Williamson, A & Feyer, A 2000, ‘Moderate sleep deprivation produces impairments in cognitive and motor performance equivalent to legally prescribed levels of alcohol intoxication’, Occupational & Environmental Medicine, vol. 57, no. 10, pp. 649-655.

HSW 31: Self Care and Balneotherapy with Elizabeth Greenwood.

Healthy Shift Worker Podcast Episode:

Self care is super important for shift workers because our bodies are already biologically stressed as a result of working against our natural circadian rhythms or body clock. That being said, for most people, self-care can be an incredibly hard thing to do, as we often feel guilty of assigning some “me time” to ourselves.

So this week, I invited Naturopath and Aromatherapist Elizabeth Greenwood to talk to us about self-care, including one particular form – that being Balneotherapy.

In this episode, Elizabeth explains why self care is essentially working out what best works for you, as we are all very different, and why it doesn’t have to involve going to a health retreat or undertaking some kind of fancy detox. It can just mean doing something little each day, something that is both practical and sustainable, and that you can integrate into your own shift working lifestyle.

Elizabeth also shares her passion for Balneotherapy, which is a type of water therapy similar to that found in a natural thermal spring, and is great for the mind whilst also allowing us an opportunity to take some well-deserved “time out”, which is vitally important for those who run on little sleep.

To find get in contact with Elizabeth:

Email –

Balneotherapy FB page

HSW 23: Adrenal Fatigue and Insufficiency with Naturopath Jules Galloway.


Healthy Shift Worker Episode 23:

Thanks to our crazy, sleep-deprived lifestyle the adrenal glands of shift workers, which are responsible for pumping out our stress hormones adrenalin and cortisol, are notorious for becoming burnt out.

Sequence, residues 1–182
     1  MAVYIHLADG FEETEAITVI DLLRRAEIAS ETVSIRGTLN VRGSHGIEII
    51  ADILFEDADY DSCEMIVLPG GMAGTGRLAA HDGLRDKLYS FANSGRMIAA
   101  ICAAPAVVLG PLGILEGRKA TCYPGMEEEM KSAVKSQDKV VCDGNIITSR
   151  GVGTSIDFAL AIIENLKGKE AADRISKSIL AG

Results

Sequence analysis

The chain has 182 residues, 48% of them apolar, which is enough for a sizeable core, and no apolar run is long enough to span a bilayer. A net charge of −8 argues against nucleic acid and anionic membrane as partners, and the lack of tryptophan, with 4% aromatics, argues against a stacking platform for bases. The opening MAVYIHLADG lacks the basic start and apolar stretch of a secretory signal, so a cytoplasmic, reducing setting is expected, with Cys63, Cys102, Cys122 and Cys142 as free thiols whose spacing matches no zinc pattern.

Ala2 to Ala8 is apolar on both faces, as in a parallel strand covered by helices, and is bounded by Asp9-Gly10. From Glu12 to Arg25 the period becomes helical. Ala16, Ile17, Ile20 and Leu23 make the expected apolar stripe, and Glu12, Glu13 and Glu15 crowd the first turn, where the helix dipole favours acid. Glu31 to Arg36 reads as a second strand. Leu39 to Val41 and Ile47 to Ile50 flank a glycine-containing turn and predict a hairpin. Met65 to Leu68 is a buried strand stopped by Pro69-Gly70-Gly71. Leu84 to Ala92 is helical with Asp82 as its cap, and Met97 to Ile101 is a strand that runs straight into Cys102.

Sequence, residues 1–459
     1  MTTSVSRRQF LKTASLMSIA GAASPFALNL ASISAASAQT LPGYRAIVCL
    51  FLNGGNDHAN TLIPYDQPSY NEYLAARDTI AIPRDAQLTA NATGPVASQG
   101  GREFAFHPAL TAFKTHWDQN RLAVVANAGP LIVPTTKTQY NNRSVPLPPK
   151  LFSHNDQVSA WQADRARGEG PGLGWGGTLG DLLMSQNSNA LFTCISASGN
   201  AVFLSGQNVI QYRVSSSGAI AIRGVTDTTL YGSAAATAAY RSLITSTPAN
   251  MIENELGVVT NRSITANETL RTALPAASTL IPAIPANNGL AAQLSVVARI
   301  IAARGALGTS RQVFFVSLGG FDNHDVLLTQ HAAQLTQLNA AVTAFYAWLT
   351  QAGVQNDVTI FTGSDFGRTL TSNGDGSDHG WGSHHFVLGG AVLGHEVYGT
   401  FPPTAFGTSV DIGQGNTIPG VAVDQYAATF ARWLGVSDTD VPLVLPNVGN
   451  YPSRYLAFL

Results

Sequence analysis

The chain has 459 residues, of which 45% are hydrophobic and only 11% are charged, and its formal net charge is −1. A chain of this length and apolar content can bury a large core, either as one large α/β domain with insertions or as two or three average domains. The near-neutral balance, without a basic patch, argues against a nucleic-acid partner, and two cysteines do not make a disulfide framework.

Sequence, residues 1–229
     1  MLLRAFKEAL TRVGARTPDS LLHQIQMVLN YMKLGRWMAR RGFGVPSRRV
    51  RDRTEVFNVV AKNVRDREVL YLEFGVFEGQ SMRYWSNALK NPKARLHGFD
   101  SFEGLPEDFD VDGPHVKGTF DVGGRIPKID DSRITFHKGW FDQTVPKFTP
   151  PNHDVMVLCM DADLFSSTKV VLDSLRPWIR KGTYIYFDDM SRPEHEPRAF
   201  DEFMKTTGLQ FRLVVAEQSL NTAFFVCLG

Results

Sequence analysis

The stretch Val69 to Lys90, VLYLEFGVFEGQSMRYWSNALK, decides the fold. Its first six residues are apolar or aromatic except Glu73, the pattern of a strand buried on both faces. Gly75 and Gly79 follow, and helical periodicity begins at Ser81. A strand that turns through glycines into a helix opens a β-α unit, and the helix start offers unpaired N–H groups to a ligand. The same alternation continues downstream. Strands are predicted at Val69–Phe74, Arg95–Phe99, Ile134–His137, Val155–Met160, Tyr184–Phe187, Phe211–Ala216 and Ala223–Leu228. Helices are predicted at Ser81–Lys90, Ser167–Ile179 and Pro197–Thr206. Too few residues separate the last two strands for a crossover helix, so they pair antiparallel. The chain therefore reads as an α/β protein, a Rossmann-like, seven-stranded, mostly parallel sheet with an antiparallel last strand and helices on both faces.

This is because we’re quite literally “biologically stressed” from having to work 24/7.

Get ready for a super entertaining and informative podcast as Naturopath Jules Galloway, (AKA the “Queen of the Adrenals”) explains exactly what is adrenal fatigue, how we can test for it, along with some great lifestyle and nutritional recommendations that are going to help to reduce some of the debilitating effects.

For more info on Jules visit –

Shift Work Burnout – Why Your Adrenal Glands Need You To Occasionally Say ‘No’.


In the last 7 weeks or so, I’ve had the privilege of seeing lots of shift working clients in our student clinic here at Endeavour College of Natural Health in Brisbane.

However I have to say, after seeing so many patients something has been left imprinted in my mind, and that’s how incredibly resilient shift workers are.

I mean some of the rosters my clients have to work week after week is nothing short of extra-ordinary.  Not to mention everything else they’ve got going in their lives – juggling kids, prepping meals, study commitments etc.

So how then, does this leave time for YOU?

Because if you’re not working (or sleeping), and you’re juggling fifty million things at once (OK, maybe not quite this many) there’s not much time left for you to take care of yourself.